• ABHA SINGH

      Articles written in Journal of Astrophysics and Astronomy

    • Causes responsible for intense and severe storms during the declining phase of Solar Cycle 24

      KALPANA PATEL ABHA SINGH S. B. SINGH A. K. SINGH

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      The occurrence of total 113 geomagnetic storms during declining phase of Solar Cycle 24 (2015–2017) subdivided as about 105 moderate storms (${\rm Dst} = −50$ nT to $−$100 nT), 6 intense storms (${\rm Dst} = −100$ nTto $−$200 nT) and 2 severe storms (Dst < $−$200 nT) has been diagnosed on the basis of 5 day active window through the CACTus (Computer aided CME tracking) software. A detailed study has been carried out for the 6intense and 2 severe storms. It is inferred that CMEs are the major source of geomagnetic storms to occur. Out of the 6 intense and 2 severe storms, only 1 has been observed with the origin of CIR. Thus, all analyzed intensegeomagnetic storms are due to coronal mass ejection at the Sun. Most of our results are in good accordance with other reported results.

    • Effect of intense solar flares on TEC variation at low-latitude station Varanasi

      ABHA SINGH S. S. RAO V. S. RATHORE SUDESH K. SINGH A. K. SINGH

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      The effect of intense solar flares on total electron content (TEC) variability during the declining phase of solar cycle-24 is studied at the low-latitude station at Varanasi, India (Geog. Lat. 25.31$^{\circ}$ N, Geog. Long. 82.97$^{\circ}$ E, Geomag. Lat. 16.54$^{\circ}$ N, Geomag. Long. 157.09$^{\circ}$ E). In the present paper, we have chosen the intense solar flares that occurred during 9–13 March 2015, 1–2 January 2016, 12–14 February 2016, 6–8 August 2016, and 6–8 September 2017 in the solar cycle-24 period for which the data is available. Our results showed significant enhancements in TEC up to the order of 15 TECU during and after the solar flare events. We have also given a brief account of solar flare effect in TEC with and without geomagnetic disturbances, local time effects (solar zenith angle effects) and changing the location of the solar active region. In a few cases, our results revealed a delay in TEC response during the flare peak time as well as recovery time.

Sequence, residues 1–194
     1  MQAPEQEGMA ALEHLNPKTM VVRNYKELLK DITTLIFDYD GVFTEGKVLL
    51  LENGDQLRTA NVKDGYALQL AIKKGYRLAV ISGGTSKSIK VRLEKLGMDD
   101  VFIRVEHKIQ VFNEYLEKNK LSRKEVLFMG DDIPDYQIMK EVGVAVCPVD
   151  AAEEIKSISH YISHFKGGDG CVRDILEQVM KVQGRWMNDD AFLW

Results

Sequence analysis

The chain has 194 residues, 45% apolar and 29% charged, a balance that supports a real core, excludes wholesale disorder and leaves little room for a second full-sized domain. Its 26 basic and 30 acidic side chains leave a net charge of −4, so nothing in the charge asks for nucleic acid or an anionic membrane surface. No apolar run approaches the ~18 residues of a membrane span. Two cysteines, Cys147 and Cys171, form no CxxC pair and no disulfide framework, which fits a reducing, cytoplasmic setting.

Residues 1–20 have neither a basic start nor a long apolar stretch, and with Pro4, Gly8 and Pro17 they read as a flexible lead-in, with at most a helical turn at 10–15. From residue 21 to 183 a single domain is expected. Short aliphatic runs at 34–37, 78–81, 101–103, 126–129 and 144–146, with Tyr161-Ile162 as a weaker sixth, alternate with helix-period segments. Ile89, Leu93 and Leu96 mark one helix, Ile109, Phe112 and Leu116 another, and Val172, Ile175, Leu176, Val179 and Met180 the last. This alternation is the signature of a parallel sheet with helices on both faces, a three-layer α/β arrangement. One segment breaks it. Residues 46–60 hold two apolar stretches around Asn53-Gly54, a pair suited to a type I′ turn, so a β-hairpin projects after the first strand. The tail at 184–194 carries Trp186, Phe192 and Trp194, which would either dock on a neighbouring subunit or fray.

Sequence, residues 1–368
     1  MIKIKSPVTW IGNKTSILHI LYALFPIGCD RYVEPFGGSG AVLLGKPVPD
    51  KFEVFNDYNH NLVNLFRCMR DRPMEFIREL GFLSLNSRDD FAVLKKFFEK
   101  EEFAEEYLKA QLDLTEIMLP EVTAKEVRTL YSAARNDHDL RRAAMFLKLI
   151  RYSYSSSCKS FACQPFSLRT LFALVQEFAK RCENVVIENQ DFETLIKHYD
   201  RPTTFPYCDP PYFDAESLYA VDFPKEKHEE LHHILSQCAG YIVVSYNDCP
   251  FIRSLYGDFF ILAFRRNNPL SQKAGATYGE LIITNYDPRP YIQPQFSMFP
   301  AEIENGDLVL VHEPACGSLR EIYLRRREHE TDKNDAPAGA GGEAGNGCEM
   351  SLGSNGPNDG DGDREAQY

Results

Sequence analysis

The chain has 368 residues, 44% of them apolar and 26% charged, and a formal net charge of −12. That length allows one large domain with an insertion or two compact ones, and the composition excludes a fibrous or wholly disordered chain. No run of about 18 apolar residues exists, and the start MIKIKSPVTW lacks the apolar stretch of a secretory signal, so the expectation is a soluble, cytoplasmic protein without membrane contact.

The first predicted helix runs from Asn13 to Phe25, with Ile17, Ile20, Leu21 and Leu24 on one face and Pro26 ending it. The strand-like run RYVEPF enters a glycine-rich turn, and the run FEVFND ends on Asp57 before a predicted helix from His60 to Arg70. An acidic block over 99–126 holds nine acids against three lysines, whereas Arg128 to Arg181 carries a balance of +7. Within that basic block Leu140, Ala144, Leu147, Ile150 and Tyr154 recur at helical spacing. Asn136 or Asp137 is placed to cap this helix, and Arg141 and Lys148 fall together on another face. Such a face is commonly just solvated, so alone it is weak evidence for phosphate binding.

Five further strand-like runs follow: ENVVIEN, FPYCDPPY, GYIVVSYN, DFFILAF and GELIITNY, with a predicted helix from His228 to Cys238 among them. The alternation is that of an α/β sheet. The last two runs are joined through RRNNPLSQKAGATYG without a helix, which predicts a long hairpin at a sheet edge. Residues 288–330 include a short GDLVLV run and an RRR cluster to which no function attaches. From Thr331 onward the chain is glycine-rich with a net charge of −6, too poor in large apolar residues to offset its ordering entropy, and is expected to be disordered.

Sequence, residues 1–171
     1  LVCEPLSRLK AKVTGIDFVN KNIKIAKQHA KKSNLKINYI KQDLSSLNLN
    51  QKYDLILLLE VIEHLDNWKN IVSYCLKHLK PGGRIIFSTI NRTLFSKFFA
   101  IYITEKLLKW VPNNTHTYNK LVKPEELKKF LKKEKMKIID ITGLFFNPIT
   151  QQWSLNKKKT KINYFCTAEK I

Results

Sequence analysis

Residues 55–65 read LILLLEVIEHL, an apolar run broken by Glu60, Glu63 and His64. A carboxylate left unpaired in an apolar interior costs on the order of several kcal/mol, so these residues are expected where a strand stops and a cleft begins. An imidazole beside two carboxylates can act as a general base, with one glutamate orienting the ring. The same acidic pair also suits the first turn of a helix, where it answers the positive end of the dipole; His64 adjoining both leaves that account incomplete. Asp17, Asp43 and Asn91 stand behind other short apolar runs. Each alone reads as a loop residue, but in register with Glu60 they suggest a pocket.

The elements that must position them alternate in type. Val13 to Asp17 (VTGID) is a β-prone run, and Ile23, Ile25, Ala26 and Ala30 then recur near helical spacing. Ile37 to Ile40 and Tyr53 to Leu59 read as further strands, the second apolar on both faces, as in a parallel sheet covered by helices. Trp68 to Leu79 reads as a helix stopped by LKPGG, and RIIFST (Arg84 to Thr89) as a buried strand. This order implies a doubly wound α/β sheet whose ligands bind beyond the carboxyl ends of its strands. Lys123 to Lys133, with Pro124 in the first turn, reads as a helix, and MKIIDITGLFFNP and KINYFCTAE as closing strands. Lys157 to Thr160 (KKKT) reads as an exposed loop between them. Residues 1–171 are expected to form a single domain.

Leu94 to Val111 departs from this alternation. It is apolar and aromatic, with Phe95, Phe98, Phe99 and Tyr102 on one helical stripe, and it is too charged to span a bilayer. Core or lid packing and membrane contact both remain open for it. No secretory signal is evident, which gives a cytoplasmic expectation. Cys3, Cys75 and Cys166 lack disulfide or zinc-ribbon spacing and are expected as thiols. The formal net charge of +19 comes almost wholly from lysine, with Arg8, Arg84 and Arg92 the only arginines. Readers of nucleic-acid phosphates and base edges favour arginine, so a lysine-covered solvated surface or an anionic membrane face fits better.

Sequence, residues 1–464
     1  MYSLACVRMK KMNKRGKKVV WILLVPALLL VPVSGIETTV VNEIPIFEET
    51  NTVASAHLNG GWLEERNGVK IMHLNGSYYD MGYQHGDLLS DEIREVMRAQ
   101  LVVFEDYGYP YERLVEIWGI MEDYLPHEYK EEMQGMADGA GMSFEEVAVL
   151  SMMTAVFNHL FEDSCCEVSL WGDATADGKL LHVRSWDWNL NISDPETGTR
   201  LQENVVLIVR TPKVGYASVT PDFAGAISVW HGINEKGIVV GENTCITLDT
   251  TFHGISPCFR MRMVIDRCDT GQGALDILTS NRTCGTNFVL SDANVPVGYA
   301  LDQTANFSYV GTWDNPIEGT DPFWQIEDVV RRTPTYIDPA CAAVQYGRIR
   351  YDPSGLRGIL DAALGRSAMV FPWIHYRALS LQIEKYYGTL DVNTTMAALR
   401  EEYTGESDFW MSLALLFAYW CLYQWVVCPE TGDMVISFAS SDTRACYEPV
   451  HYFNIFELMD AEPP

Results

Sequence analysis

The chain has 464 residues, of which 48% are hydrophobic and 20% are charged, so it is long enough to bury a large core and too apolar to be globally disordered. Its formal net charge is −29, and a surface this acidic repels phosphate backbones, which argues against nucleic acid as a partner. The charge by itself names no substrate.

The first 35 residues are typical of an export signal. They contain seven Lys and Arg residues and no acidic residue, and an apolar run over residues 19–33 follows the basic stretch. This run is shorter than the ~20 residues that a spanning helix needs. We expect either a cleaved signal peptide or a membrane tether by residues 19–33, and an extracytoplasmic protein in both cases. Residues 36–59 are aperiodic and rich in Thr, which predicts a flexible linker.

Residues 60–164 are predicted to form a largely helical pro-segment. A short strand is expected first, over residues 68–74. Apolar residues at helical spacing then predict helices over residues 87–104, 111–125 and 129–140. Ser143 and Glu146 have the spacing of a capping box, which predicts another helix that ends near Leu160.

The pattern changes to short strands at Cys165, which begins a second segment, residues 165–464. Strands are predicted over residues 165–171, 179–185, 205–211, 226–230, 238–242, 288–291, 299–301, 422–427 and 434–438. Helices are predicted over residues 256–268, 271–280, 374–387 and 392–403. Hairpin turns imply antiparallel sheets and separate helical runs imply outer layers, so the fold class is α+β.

• Effect of intense geomagnetic storms on low-latitude TEC during the ascending phase of the solar cycle 24

      ABHA SINGH VISHNU S. RATHORE SANJAY KUMAR S. S. RAO SUDESH K. SINGH A. K. SINGH

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      The results presented in this paper are obtained from low-latitude ionospheric total electron content (TEC) variation during the chosen geomagnetic storm events happening during the solar cycle 24.We include the four intense geomagnetic storms that occurred on 26 September 2011, 15 July 2012, 19 February 2014 and 20 December 2015, depending upon the availability of TEC data. For this, we have used the TEC data from low-latitude station Varanasi (geographic latitude 25$^{\circ}$, 16$'$N, geographic longitude 82$^{\circ}$, 59$'$E and geomagnetic latitude 16$^{\circ}$, 24$'$N) and an equatorial station Bengaluru (geographic latitude 13$^{\circ}$, 02$'$N, geographic longitude 77$^{\circ}$, 34$'$E and geomagnetic latitude 04$^{\circ}$, 68$'$N). The storm-induced TEC changes at chosen stations have been discussed in terms of local time, storm wind effect, neutral wind, composition changes and variation in the dawn–dusk component of the interplanetary electric field (IEF $E_y$).

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      Posted on January 27, 2016

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